Nonprofit organizations do so much for the communities that they’re often first to feel the effects of a struggling economy. And animal shelters do a lot more than find homes for lost pets. “Animal shelters are not just shelters. It’s about keeping pet owners and animals together with humane education and support,” says McKenney. While performing life-saving efforts for the sick and injured, spay and neuter clinics help keep animal overpopulation at bay. Many shelters have pet pantries to help feed animals, and they educate children through camps and provide personal pet-support training. The challenge of working with limited municipal and county budgets and relying on donations is overwhelming. Rescues recoup the cost of vet visits, care, and food through adoption fees, donations and fundraisers, but finances for many are tight. Benefit events are mostly virtual, which helps, but doesn’t compare to the income raised through in-person galas and other events.

Hamster family

A virtual, personal touch

Traditionally, shelters opened their doors to potential adopters who selected pets on the spot. Shelter adoptions are now available online or by appointment only. Most begin with an online application. After the review of applications, phone calls, FaceTime or Zoom meetings follow, with finally, a virtual or scheduled outside appointment for meeting potential pets. Usually, the paperwork is completed remotely, including payment for the adoption fee. Some offer curbside pickup, while others require safety protocols to minimize interactions with staff. Today, pet adoptions are a custom-tailored matchmaking process rather than a simple shelter walk-through.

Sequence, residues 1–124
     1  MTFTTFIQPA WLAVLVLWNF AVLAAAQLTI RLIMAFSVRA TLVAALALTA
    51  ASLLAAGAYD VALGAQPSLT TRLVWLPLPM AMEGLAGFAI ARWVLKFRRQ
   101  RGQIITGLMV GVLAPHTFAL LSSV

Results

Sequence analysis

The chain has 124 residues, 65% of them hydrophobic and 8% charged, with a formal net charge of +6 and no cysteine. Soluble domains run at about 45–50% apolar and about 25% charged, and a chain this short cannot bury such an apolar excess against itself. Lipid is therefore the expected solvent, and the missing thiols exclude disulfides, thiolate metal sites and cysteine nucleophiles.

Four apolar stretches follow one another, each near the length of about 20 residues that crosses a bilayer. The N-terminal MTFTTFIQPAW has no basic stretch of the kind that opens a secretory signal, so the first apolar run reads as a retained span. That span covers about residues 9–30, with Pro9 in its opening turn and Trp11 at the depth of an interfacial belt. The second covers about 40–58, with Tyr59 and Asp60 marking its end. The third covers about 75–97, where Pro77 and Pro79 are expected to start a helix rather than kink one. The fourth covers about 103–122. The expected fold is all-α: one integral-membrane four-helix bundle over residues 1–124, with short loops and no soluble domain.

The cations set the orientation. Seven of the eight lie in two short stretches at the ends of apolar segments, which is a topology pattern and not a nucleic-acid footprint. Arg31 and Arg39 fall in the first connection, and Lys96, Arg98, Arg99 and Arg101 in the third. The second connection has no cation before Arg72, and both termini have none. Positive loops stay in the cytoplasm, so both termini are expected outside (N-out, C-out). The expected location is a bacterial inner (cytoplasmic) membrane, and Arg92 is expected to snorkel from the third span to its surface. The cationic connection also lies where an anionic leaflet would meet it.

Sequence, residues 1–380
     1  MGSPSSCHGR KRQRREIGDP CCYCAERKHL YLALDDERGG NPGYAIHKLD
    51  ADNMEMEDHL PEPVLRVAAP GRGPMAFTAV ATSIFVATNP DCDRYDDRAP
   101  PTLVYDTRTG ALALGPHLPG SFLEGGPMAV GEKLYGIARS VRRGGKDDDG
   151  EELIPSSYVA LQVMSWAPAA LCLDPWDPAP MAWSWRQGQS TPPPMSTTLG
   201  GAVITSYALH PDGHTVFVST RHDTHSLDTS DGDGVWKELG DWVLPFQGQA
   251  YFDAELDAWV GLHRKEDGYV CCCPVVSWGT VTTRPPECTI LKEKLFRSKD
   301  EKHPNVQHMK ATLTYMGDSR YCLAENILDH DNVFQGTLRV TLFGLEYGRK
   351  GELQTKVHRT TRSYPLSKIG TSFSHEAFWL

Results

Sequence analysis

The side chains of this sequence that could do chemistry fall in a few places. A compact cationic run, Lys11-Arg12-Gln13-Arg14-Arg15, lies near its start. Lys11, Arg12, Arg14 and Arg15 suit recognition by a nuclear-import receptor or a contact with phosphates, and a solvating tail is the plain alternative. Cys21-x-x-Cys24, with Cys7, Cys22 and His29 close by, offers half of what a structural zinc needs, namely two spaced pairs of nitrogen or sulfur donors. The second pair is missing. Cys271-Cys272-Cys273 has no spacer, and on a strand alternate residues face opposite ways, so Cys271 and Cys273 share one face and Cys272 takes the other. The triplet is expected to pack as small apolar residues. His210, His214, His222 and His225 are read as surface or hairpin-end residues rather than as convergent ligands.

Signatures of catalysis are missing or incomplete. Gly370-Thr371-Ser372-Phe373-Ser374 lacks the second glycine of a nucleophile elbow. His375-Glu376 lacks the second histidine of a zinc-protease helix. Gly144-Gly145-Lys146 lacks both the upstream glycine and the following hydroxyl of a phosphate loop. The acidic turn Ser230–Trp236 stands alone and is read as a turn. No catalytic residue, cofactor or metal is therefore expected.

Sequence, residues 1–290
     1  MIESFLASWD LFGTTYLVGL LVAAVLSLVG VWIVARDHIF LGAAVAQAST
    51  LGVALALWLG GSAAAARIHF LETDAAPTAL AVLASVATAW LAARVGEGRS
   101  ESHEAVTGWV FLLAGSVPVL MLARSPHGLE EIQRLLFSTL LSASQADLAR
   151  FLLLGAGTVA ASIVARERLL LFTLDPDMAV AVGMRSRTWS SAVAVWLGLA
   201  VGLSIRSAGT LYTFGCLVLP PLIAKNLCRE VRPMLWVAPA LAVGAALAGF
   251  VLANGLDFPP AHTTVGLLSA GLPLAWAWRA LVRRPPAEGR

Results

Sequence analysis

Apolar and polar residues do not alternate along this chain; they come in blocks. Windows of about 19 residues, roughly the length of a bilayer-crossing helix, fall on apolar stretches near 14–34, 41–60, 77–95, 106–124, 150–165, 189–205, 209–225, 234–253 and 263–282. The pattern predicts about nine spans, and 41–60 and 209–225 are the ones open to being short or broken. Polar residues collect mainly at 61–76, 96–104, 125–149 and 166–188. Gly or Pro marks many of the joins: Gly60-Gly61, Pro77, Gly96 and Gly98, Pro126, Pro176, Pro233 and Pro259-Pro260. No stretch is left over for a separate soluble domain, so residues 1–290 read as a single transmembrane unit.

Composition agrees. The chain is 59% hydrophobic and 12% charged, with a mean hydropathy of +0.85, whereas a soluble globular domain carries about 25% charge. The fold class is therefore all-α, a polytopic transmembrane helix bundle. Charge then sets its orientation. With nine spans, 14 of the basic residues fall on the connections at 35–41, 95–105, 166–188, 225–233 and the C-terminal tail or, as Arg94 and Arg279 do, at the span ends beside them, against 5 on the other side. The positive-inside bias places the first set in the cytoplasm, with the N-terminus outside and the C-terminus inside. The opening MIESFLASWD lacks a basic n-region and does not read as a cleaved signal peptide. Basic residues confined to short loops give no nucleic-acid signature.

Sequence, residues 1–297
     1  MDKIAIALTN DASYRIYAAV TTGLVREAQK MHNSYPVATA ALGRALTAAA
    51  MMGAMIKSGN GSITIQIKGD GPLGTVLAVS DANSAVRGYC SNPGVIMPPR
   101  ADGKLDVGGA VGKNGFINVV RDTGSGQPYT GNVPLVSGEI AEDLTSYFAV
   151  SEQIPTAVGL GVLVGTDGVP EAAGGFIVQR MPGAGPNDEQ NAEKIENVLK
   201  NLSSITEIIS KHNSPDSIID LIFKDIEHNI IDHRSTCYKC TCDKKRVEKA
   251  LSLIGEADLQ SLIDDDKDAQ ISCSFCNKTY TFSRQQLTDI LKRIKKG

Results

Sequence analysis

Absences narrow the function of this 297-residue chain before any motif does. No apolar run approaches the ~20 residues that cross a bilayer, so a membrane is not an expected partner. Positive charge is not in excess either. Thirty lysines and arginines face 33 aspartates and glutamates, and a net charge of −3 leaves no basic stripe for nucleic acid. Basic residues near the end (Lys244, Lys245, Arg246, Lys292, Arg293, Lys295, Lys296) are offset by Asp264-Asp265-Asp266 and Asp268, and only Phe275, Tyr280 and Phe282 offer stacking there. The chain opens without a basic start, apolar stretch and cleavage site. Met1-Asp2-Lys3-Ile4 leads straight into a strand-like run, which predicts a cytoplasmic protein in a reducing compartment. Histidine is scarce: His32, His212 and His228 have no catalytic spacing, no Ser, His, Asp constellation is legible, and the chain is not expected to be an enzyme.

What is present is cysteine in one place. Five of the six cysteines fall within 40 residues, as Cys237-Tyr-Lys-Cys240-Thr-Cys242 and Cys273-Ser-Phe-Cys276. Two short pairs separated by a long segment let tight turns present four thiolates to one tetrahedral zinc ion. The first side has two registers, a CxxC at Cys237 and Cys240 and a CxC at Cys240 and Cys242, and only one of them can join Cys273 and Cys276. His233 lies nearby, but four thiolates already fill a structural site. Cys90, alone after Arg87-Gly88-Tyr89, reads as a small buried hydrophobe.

The process is also more personal because it allows shelter caregivers time to delve deeper and learn more about adopters’ needs. The result is the dwindling numbers of animals returning to shelters. “The online process does take longer, but spur-of-the-moment adoptions can sometimes have bad results. An all-day public showing is difficult on the animals, who sit patiently in cages waiting for attention, especially those who tend to be ignored,” says Mickey Zeldes, shelter supervisor at the Rohnert Park location. “We figured out how to do adoptions as personally as possible using Zoom and FaceTime. We are getting such great feedback on our new approach. It gives our adoption staff much more time to spend with people, and we want to keep that going.”

HSSC locations in Santa Rosa and Healdsburg are seeing positive results from virtual adoptions, as well. “In the past, someone may fall in love with an animal in the shelter just by looking at them, and then might find out the pet isn’t a good match for their home when they speak with an adoption counselor. We’re filtering through better matches now because of the virtual meetings and conversations and seeing a low return rate,” says Stewart. “We try to help out area shelters when we can. For example, a group of healthy cats from Solano came and all of them were adopted. We partner back and forth with our Santa Rosa location for medical care and assistance with behavior needs.”

Napa County’s shelter is small. Typically, volunteers walk in to help, but now they call ahead to schedule. “This has cut down on the number of people who come,” says Kelly Tracey, a 33-year veteran and shelter supervisor at Napa County Animal Shelter. “Everything by appointment is so much easier than having doors open on a Saturday morning and having 35 people walk in at once.”

Fostering as an alternative